The mushrooming of connected devices means that in the Internet of Things the growth of data will be vast. This will include real-time sales data collected at SKU level, precise inventory tracking in real time, detailed customer relationship histories, technical product information and an increasing variety of behavioural use statistics. How can digital marketers make optimal use of this information?
In theory, this data could revolutionise how products and services are targeted: e.g. at the moment your washing machine springs a leak an insurance company sends a text about its warranty products. In practice however data will be surrounded by proprietary walls, as can be seen in Nike’s community of fitness app users. Though these data sets may be invaluable to marketers they are unlikely to be made available outside the company.
Consumers and their buying power will be the force demanding that privacy remains intact. The cross-selling of services will therefore depend on the creation of partnerships between service providers that satisfy the consumer’s need for trust. This concern will also impact the potential for innovative product relationships; such as the manufacturer that made your shirt, the restaurant that selected the ingredients for the food you spilled on it and the dry-cleaner tasked with cleaning it up. In practice what is feasible for business will be limited by what is acceptable to the consumer.
Marketing and perceived value to the consumer
The idea that an individual’s data has value is already understood by many consumers. When this is combined with reticence over a Big Brother society we can see that the mountains of data that will be created may remain locked from many marketers. The key to consumers releasing data is their perceived value of owning the product. And not all uses that manufacturers dream up will create enough value to attract consumers, such as the Porkfolio piggy bank.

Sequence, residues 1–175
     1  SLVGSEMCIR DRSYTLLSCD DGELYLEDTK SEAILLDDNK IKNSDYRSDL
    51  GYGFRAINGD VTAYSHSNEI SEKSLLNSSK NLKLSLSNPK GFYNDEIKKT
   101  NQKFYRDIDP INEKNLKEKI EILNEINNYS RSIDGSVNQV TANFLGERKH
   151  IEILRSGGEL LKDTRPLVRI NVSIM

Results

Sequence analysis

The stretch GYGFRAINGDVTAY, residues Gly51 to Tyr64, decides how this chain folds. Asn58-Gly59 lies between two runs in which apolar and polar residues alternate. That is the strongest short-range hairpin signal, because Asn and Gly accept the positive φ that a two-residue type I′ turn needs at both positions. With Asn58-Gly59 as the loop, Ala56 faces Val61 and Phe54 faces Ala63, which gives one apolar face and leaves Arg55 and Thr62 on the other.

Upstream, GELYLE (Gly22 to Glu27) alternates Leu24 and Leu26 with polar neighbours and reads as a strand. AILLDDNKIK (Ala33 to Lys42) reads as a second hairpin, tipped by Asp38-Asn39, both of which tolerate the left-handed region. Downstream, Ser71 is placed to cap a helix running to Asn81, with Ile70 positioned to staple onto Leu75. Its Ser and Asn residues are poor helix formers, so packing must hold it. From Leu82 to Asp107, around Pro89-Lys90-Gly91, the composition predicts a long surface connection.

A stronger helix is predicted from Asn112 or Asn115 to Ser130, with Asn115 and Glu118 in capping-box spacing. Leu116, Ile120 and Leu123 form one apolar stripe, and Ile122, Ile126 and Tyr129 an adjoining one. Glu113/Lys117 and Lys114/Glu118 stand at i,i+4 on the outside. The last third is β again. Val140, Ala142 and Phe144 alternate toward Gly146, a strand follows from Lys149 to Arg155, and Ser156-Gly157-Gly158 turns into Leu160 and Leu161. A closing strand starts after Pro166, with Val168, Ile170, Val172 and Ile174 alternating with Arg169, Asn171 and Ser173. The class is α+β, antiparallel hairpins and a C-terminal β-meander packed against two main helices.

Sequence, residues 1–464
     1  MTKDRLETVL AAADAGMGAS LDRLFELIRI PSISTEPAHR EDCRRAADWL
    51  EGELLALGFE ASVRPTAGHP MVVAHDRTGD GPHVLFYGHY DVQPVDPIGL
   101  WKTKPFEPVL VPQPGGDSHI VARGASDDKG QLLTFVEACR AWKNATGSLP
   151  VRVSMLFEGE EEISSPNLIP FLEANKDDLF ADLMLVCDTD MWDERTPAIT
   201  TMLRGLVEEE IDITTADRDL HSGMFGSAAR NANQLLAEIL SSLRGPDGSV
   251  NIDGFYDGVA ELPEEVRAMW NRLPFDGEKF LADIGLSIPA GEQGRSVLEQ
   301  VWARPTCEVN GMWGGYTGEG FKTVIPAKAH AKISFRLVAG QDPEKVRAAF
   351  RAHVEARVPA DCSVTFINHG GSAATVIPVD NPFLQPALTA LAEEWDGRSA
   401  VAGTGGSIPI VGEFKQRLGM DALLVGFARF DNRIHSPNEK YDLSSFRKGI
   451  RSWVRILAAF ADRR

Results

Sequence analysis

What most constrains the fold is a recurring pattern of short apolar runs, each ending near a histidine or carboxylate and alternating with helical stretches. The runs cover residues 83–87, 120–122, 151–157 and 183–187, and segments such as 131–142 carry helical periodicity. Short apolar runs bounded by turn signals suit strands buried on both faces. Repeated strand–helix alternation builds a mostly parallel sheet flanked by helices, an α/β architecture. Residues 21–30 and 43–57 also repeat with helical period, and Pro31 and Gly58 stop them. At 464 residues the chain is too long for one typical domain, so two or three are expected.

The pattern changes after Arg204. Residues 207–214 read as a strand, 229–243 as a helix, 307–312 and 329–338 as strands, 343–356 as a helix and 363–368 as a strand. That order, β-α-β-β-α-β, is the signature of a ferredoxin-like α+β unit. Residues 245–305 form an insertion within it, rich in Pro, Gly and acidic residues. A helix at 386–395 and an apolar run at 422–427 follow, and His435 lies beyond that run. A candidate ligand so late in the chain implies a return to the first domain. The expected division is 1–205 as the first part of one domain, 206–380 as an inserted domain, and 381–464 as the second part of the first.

Data aggregation and anonymity
The practical answer for most marketers lies in data aggregation and the promise of anonymity, for which consumers are more likely to give third party consent. This is the only way that companies monitoring and storing data can release it with minimal end-user approval. Such data will lack the capability to target specific individuals but real-time market and societal trends will still provide insights more invaluable than anything available today.
Marketers will have access to two levels of data – a deep fund of micro details springing from the company’s own userbase and alongside that public information describing broad market and societal trends. Both types of data have the capacity to throw up inspiring innovations, for product designers and digital marketers alike.
In the Internet of Things, the key factor in the success of a product will be its use of data; and access to that data will be limited by the perceived value to the consumer, not the technical capabilities of the business.
The Internet of Things is one of the key 15 digital trends for your business to ride in 2015 (infographic). Take a look at the other predictions and explore how you can apply them to your business.